Glaswegian Gerry Hughes is the world’s first deaf elite solo circumnavigator. More than that, he is a role model to the global deaf community.
“One day I will go like Sir Francis”
Glaswegian Gerry Hughes is the world’s first deaf elite solo circumnavigator. More than that, he is a role model to the global deaf community. Not only have his world record-breaking sailing achievements been self-funded, and the result of personal determination, his commitment to improving the life chances of deaf children means that he is firmly established in the history of disabled rights in education and sport.
Gerry secured his place in sporting history by becoming the first profoundly deaf man in the world to complete a solo circumnavigation of the world via the Five Great Capes.
This particular route is the most challenging and dangerous route any yachtsman can take, and the only one that allows entry to the Slocum list of Solo Circumnavigators.
The significance of this achievement can easily be put into context: more people have been in outer space than achieved this feat. Gerry not only secured his place as an elite solo circumnavigator, but because he is deaf, he is did this without the access to VHF Radio Communication. In addition, Gerry’s Quest III adventure was truly a solo venture. Gerry had no sponsors so he used his life savings to buy a Beneteau 42s7 and spent two years modifying the boat himself to ensure it met ocean safety standards. This, in itself, is testimony Gerry’s sailing expertise. Gerry spent months and years preparing for his Quest III adventure: researching weather and sea conditions; nutritional requirements; and honing his sailing skills to be able to take on such a challenge.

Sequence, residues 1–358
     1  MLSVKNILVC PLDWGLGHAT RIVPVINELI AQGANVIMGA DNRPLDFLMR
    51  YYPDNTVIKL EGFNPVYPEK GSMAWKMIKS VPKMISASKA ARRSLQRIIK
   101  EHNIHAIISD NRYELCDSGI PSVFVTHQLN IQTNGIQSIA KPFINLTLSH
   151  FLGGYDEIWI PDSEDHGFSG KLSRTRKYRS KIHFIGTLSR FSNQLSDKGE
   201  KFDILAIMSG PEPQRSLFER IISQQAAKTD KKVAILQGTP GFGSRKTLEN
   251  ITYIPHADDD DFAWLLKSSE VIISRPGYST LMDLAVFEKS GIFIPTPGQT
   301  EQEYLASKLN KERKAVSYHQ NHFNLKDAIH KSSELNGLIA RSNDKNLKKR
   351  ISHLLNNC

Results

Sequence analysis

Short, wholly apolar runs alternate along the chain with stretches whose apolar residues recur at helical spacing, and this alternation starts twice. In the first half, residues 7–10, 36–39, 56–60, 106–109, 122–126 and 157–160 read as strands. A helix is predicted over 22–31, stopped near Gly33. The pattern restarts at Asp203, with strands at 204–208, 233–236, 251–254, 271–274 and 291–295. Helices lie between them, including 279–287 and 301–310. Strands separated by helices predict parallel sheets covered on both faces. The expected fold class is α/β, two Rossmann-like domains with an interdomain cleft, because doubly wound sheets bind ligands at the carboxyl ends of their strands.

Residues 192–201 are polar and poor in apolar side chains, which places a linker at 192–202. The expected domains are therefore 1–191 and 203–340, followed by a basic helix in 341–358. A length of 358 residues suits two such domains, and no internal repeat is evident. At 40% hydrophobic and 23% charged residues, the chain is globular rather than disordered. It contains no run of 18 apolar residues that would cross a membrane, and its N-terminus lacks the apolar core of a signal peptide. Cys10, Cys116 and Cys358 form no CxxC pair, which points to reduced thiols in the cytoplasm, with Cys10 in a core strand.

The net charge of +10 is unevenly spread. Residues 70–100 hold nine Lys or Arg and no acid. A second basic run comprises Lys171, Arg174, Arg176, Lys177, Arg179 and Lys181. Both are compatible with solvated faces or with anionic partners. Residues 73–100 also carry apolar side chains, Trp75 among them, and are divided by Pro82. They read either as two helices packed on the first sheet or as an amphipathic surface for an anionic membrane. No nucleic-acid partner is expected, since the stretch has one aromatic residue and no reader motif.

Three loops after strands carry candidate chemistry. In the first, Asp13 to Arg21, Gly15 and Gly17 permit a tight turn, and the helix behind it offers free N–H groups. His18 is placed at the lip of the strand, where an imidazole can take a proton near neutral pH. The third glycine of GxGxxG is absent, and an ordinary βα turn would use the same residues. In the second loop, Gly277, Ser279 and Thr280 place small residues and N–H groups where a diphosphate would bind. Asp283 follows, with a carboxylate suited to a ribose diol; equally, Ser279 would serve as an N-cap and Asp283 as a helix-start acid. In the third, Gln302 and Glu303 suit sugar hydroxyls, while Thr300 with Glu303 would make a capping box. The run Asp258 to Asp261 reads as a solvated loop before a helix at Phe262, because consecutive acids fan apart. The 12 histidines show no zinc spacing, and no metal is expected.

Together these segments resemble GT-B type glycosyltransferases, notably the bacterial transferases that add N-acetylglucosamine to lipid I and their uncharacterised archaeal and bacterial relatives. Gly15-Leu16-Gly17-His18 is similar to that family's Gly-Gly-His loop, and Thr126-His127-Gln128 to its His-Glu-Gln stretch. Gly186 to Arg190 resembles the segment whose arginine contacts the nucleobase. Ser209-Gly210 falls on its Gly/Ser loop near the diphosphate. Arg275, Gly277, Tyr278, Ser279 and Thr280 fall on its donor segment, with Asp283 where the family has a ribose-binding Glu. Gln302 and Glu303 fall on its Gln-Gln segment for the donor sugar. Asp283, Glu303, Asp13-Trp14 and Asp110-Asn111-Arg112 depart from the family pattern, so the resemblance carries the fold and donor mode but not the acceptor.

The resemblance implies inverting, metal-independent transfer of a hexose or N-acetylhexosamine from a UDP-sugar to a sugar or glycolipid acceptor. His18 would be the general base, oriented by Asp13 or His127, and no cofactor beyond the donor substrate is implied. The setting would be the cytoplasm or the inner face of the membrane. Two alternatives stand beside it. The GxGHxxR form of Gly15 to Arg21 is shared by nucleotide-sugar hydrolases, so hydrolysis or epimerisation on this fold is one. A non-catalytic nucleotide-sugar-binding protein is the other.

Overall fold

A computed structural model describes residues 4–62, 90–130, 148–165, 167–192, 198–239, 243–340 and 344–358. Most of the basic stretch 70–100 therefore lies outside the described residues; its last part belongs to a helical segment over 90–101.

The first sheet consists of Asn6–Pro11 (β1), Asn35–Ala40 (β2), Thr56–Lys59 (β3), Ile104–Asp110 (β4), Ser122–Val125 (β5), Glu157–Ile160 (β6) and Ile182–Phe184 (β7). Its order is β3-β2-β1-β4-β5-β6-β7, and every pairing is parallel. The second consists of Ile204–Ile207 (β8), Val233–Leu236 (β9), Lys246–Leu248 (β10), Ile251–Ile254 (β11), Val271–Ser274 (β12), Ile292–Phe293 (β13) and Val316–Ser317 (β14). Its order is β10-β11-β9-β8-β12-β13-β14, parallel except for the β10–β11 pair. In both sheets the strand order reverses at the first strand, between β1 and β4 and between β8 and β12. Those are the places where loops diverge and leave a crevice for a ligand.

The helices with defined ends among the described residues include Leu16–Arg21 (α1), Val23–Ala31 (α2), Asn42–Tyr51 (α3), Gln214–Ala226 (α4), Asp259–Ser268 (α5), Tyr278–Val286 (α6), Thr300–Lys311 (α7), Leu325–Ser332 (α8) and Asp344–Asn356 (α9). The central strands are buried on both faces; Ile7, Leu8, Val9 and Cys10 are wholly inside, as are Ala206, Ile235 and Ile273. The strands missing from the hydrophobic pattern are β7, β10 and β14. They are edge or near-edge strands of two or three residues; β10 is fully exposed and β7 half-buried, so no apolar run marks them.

Gerry Hughes has spent his life breaking down barriers. Gerry was born in Glasgow. He is profoundly Deaf and communicates in BSL. Despite learning to sail at the age of 2, he struggled to learn read and write until the age of 15. This was the result of the Milan Convention of 1880, which led to the banning of sign language in deaf schools across the world and the prohibition of deaf people from working as teachers. Instead, the oralist philosophy of deaf education insisted that deaf children must use their residual hearing to ‘listen’ and that they must learn via lipreading. Sign language was strictly forbidden, and parents of deaf children were advised not to use sign language at home. Children were punished if teachers caught them using sign language.